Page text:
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Why and When the Dollar Will Fall

January’s market turmoil has very little to do with China but a lot to do with the U.S. The trigger? U.S. interest rates. The dollar is considered a safe haven and is widely expected to rise further. Yet the currency is in a bubble and may soon fall. The signal of when dollar weakness will start will come from China.

We have in front of us an example of one of the most interesting features of modern finance. Market participants have different models of reality to explain events. When mass adherence to a model switches, it can cause sudden market moves — crisis even. The dynamics of such a change in beliefs have driven some of the largest moves ever in asset prices. A key in guessing possible futures is to know what the different views are and who holds them: mapping the structure of investor bases but also the beliefs of different investor types.

There are two major global structural problems: overindebtedness in the developed world and imbalances in the international monetary system. These issues were at the root of the 2008 financial crisis, and they have not yet been fixed. The second problem helped cause the first: Asian savings pushed down the U.S. yield curve and encouraged excessive borrowing. This, on top of lax regulation, led to the 2008 crisis.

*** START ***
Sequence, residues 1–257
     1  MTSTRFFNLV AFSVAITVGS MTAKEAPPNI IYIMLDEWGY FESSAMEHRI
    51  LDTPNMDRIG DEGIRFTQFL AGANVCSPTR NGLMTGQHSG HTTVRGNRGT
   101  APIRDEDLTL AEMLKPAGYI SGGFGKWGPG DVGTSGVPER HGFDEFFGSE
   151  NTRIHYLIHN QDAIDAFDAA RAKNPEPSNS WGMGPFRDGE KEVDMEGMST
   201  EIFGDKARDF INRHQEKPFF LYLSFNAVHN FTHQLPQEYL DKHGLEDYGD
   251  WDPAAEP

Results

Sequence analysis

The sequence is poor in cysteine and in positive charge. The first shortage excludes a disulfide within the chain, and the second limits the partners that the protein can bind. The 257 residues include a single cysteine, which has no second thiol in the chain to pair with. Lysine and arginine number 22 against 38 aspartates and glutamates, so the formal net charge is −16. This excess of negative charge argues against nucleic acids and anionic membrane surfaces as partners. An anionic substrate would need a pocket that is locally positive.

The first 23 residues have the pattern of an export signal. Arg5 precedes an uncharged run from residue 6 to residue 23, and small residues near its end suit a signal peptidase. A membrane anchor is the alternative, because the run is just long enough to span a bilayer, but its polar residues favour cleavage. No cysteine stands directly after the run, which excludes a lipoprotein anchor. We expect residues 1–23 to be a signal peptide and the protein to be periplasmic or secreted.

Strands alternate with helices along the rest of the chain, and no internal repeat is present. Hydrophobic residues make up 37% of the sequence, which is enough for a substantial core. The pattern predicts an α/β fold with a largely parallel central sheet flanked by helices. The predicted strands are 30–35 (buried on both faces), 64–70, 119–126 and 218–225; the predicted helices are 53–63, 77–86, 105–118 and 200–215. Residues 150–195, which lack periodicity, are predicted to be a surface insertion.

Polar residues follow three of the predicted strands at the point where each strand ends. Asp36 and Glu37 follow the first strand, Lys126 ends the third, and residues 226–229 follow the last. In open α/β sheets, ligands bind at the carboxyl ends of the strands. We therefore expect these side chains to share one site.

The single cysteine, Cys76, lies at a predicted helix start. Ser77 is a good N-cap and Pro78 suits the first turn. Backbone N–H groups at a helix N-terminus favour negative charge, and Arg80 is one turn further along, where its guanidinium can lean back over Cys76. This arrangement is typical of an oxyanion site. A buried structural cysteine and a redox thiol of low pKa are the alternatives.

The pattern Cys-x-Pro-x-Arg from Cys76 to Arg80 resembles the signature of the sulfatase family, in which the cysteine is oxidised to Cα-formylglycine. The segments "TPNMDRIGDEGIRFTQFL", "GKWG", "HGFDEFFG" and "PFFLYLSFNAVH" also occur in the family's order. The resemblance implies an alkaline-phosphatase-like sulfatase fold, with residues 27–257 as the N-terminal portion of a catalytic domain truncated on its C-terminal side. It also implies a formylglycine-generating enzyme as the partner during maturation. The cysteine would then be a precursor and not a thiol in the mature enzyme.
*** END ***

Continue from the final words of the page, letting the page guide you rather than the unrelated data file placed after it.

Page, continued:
Because government intervention was not sufficient, the Federal Reserve saw itself as the only institution between the U.S. economy and full-on depression. A radical, untried program — quantitative easing — was instigated to provide liquidity to banks and push up asset prices so that banks could recapitalize themselves. This action was taken to avoid depression. But to admit as such may itself have caused uncertainty and risked a depression. So central banks have made a distinction between maximum and optimal transparency. They are misleading markets deliberately. Markets haven’t fully understood this yet.

One result of QE has been the large inventory cycle in the U.S. Optimistic firms stock up, only to be disappointed. Hence, we have seen a repeated pattern of healthy growth for a quarter or two, followed by near-zero the next. The data do not indicate strong U.S. recovery yet, although the judicious choice of base time periods continues to fool many. Quantitative easing may have prevented depression, but it did not stimulate the U.S. economy. Consumer prices have remained flat.

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